“With [God] is strength and wisdom: he knoweth both the deceiver, and him that is deceived”, holy Job says (12:16). Which of these applies to Reese? Is he the deceiver, or he that is deceived? Given the available evidence, the answer is not difficult, just disturbing.

Which raises another question: Is ‘Fr.’ Reese meaning to teach the heresy of Arianism perhaps, which denies the divinity of Jesus Christ? Pope St. Pius X described the Modernists quite accurately when he lamented that they “assail all that is most sacred in the work of Christ, not sparing even the Person of the Divine Redeemer, whom, with sacrilegious audacity, they degrade to the condition of a simple and ordinary man” (Encyclical Pascendi Dominici, n. 2).

The Error is Reese’s, Not Christ’s

Apart from reproving the audacity of accusing our Blessed Lord of error, however, we must also answer Reese’s charge. To do that, let’s first look at what Jesus Christ actually said in the Sermon on the Mount that the Modernist presbyter has a problem with:

You have heard that it hath been said, Thou shalt love thy neighbour, and hate thy enemy. But I say to you, Love your enemies: do good to them that hate you: and pray for them that persecute and calumniate you: That you may be the children of your Father who is in heaven, who maketh his sun to rise upon the good, and bad, and raineth upon the just and the unjust.

(Matthew 5:43-45)

Reese’s accusation is: “There is no Old Testament injunction to hate your enemies. Leviticus says, ‘Love your neighbor as yourself’ and makes no reference to enemies.”

It is true that Leviticus says nothing about hating your enemies, but then Christ never claimed that it did. Rather, our Lord said, “You have heard that it hath been said….” He did not say, “You know that it is written….”

Instead of stupidly and blasphemously accusing the Son of God of making a mistake or of being misinformed, Reese could simply have checked a Bible commentary — what a concept! — such as the excellent work by Fr. Cornelius à Lapidé (1567-1637), himself a Jesuit but from a time when the Jesuits were Catholic:

Verse 43. You have heard that it hath been said, Thou shalt love thy neighbor, and hate thy enemy. First, it says, love thy neighbor, at Leviticus 19:18, but then where is it said, Thou shalt hate thine enemy? Maldonatus replies, in Deuteronomy 25:19, Thou shalt blot out his name from under heaven. See thou forget it not. God had commanded Josue and the Hebrews utterly to destroy the impious Canaanites, and to occupy their land. Christ therefore corrects, not the scribes here, but the law itself, when He commands us to love our enemies. But the law bade only the Canaanites to be slain, not other nations, and even then, not out of hatred: just as a judge might order a guilty person to be put to death, not because he hated him, but even one whom he loved. For his concern is that he make amends for his guilt and the scandal he has caused, for which he is making satisfaction to God and to the republic. Thus a soldier in a just war kills the enemy but does not hate him. For he carries out the commands of his leader, as though of a judge. The old law commanded not only love of friends but also love of enemies, as is plain in Exodus 23:3 and Leviticus 19. For the natural law commands love of one’s enemies.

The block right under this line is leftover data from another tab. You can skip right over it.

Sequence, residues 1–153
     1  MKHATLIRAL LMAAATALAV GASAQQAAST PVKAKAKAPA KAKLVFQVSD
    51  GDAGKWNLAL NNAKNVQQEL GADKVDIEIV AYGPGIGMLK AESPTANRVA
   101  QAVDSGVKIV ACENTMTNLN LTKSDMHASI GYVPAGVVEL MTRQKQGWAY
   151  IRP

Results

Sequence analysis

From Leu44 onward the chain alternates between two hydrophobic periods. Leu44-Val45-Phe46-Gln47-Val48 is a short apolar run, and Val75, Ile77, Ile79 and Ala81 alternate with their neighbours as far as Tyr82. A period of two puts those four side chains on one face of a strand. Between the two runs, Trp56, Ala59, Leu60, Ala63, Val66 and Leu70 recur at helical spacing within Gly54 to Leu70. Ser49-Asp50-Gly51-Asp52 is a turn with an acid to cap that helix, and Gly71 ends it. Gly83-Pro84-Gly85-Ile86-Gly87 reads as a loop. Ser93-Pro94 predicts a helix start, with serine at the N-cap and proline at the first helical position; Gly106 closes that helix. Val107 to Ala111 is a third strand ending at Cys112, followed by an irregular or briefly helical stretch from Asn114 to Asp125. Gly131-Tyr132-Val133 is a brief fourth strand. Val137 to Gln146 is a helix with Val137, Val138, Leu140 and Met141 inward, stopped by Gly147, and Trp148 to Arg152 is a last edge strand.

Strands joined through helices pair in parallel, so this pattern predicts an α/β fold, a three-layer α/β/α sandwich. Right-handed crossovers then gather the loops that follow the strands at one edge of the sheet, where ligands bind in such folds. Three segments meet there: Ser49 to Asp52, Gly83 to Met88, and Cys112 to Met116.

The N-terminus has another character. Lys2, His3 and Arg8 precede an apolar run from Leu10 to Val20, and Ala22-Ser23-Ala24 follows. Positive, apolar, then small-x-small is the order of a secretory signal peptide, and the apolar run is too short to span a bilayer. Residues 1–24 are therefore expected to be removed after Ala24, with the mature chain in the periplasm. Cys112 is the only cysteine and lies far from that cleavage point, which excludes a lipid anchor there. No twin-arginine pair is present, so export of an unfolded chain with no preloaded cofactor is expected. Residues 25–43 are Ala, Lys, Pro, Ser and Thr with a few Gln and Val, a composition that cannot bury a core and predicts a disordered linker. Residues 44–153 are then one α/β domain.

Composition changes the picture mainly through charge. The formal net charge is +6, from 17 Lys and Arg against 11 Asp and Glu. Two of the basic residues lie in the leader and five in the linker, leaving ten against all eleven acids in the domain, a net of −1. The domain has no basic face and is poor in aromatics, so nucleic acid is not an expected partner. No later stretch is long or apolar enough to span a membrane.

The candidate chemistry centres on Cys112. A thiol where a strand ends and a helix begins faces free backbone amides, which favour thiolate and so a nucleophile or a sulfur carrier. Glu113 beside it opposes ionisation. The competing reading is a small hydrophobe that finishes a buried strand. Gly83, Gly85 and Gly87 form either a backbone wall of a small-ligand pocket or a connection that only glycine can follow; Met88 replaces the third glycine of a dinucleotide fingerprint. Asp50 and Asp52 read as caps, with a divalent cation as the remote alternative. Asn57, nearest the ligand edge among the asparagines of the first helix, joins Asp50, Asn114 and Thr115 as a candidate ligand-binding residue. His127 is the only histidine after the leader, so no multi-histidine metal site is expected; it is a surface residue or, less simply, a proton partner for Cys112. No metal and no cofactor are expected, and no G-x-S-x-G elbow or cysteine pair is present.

I maintain, therefore, that this saying was not in the law, but was said by the scribes who interpreted the law. For they, because they found in Leviticus 19:18, Thou shalt love thy neighbor, or as the Vulgate translates, thy friend …, inferred “thou shalt hate thine enemy.” By “friend” or “neighbor” they understood a person of the same locality or nation, i.e., a Jew descended like them from Abraham and Jacob, as though only Jews should be loved by the Jews, while other nations, especially the Canaanites, should be hated, which is obviously wrong. Therefore Christ corrects this interpretation, and explains the law: by neighbor or friend is meant every man, even a foreigner, a gentile, and an enemy. For all men are neighbors, through their first forefather, Adam, and as his descendants are thus brethren. We are also brethren through our second father, Christ, through whom we have been born again, and, as it were, created anew in the likeness of God, and called to the common inheritance of God, our Father in heaven. So S. Jerome, S. Augustine, Theophylact, and others.

(The Great Commentary of Cornelius à Lapide: The Holy Gospel according to Saint Matthew, vol. I, trans. by Thomas W. Mossman, rev. and compl. by Michael J. Miller [Fitzwilliam, NH: Loreto Publications, 2008], pp. 282-283; italics given; underlining added. Alternate edition available here.)

And thus is resolved this entire conundrum. Now we know why Christ noted that it had been said to hate your enemy. It was not in the Old Law given by God. It was a false interpretation of the law the scribes had taught to the people, perhaps similar to how Tom Reese in our day is giving a false interpretation of the Gospel.

All this has not been terribly difficult to find out about or understand. It only took reason, Faith, some good will, and just a little bit of research to understand why Christ said what He said.

Although it may come as a shock to Modernists, then, it turns out that Jesus Christ is not wrong.

Tom Reese is.

Image source: YouTube (screenshot)
License: fair use